Ukraine POW
Image: Andriy Yermak, head of the Ukraine Presidential Office, at the Coordination Headquarters for the Treatment of Prisoners of War in December 2022. Credit: Ukraine President's Office

Ukraine’s prisoners of war agency hit by cyberattack

The Ukrainian state agency overseeing the treatment of prisoners of war said on Monday that it had restored access to its website after being hit by a distributed denial-of-service (DDoS) attack over the weekend.

The country’s Coordination Headquarters for the Treatment of Prisoners of War works with families of military personnel who were captured or missing and negotiates prisoner exchanges and the return of bodies of fallen soldiers.

The hacker group behind the incident hasn't been identified, but the agency is pointing to Moscow, connecting the attack to the recent crash of a Russian transport plane.

“Apparently, the enemy decided that information about the prisoners of war exchange and the downing of an Il-76 aircraft poses a threat to them,” the agency said on Telegram.

Moscow has accused Kyiv of downing the Il-76 plane, which the Kremlin says was carrying 65 Ukrainian prisoners of war who were to be swapped, along with six crew members and three Russian servicemen. The plane crash in Belgorod — a Russian city next to the border with Ukraine — and killed everyone on board.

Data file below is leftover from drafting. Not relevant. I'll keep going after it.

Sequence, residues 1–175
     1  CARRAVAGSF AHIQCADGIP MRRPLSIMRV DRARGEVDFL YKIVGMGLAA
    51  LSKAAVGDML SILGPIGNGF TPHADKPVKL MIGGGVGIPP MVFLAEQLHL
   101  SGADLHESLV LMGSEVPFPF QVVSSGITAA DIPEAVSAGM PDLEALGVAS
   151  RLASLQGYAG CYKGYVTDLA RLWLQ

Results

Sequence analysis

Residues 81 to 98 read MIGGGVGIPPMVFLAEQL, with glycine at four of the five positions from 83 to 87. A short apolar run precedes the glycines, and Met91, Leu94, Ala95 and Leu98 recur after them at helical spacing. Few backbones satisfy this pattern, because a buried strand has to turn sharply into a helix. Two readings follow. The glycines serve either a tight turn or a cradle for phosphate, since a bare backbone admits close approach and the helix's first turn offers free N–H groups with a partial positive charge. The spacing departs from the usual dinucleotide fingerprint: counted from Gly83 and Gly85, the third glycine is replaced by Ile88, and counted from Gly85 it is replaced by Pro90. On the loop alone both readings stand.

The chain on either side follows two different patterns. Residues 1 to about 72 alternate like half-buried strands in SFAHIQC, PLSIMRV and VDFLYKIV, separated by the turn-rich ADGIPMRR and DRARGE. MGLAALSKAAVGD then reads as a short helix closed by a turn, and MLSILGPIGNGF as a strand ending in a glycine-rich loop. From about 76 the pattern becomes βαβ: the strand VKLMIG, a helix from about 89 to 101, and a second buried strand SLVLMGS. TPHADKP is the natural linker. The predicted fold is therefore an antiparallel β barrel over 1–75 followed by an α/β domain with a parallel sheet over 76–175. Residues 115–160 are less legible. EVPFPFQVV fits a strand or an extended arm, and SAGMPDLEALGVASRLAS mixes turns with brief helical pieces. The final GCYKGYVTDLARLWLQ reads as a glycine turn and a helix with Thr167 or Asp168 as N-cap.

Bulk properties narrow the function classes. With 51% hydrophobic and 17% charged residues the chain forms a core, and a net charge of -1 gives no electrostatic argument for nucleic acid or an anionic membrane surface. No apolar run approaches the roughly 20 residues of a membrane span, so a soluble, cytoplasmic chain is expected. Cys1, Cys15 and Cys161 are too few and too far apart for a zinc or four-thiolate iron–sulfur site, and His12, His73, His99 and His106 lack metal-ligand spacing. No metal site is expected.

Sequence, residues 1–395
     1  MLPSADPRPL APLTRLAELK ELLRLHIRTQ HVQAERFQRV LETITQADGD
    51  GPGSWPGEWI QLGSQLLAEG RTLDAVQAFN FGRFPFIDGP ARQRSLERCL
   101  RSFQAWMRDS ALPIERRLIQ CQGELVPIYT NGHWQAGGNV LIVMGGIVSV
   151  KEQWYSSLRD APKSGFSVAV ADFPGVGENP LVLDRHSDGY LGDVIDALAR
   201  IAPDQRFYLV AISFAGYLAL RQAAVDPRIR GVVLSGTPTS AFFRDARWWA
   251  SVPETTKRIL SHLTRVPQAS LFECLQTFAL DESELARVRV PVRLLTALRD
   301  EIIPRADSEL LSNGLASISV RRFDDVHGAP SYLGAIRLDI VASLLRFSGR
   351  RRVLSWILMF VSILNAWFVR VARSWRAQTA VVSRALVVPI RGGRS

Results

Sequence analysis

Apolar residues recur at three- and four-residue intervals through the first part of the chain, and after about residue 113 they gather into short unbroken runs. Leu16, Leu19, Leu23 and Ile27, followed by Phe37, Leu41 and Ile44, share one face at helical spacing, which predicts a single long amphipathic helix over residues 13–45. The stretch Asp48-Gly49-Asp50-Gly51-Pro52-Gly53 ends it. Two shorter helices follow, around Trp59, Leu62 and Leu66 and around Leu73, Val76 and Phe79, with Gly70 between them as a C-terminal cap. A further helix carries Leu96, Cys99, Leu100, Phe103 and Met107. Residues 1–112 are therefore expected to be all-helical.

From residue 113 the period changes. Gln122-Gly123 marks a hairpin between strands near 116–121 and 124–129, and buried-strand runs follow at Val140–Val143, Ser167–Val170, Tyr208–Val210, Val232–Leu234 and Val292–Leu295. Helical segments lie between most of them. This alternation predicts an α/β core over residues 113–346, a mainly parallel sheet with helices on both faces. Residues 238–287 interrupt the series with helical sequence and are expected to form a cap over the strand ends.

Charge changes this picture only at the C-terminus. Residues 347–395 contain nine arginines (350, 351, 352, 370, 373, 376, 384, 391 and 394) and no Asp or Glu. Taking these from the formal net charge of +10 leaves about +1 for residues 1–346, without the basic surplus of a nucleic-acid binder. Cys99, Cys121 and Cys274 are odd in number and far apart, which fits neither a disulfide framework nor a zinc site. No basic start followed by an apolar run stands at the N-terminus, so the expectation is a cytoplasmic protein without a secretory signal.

Ukraine has neither confirmed nor denied its responsibility for the incident and called for an international commission to investigate the crash, which Russia opposes.

Ukraine's POW coordination headquarters refused to comment on the alleged downing until the investigation is completed.

“We are aware that the enemy is actively carrying out information operations directed against Ukraine, which are aimed at destabilizing Ukrainian society,” the agency said.

Cyberattacks targeting defense agencies and military personnel are part of ongoing cyber warfare between Ukraine and Russia.

Ukraine’s National Cybersecurity Coordination Center (NCSCC) warned on Friday about attacks targeting the Ukrainian military with phishing emails. That campaign was attributed to the state-sponsored hacker group Fancy Bear, also known as APT28, which is affiliated with Russian military intelligence.

“Amidst the lack of success on the battlefield, Russia is stepping up its cyber-espionage efforts and continuing to try to gain access to Ukraine's military situational awareness and command and control systems by stealing military personnel's credentials,” NCSCC said.

In September, Russian hackers attacked Ukrainian law enforcement agencies to uncover what they know about war crimes committed by Russian soldiers in Ukraine.

In August, the Moscow-backed hacking group Gamaredon targeted Ukraine’s military and government agencies during the country's long-anticipated counteroffensive.

In nearly all previous attacks, Russian hackers attempted to synchronize their activities with crucial military events to enhance the potential impact.

Get more insights with the
Recorded Future
Intelligence Cloud.
Learn more.
No previous article
No new articles
Daryna Antoniuk

Daryna Antoniuk

is a reporter for Recorded Future News based in Ukraine. She writes about cybersecurity startups, cyberattacks in Eastern Europe and the state of the cyberwar between Ukraine and Russia. She previously was a tech reporter for Forbes Ukraine. Her work has also been published at Sifted, The Kyiv Independent and The Kyiv Post.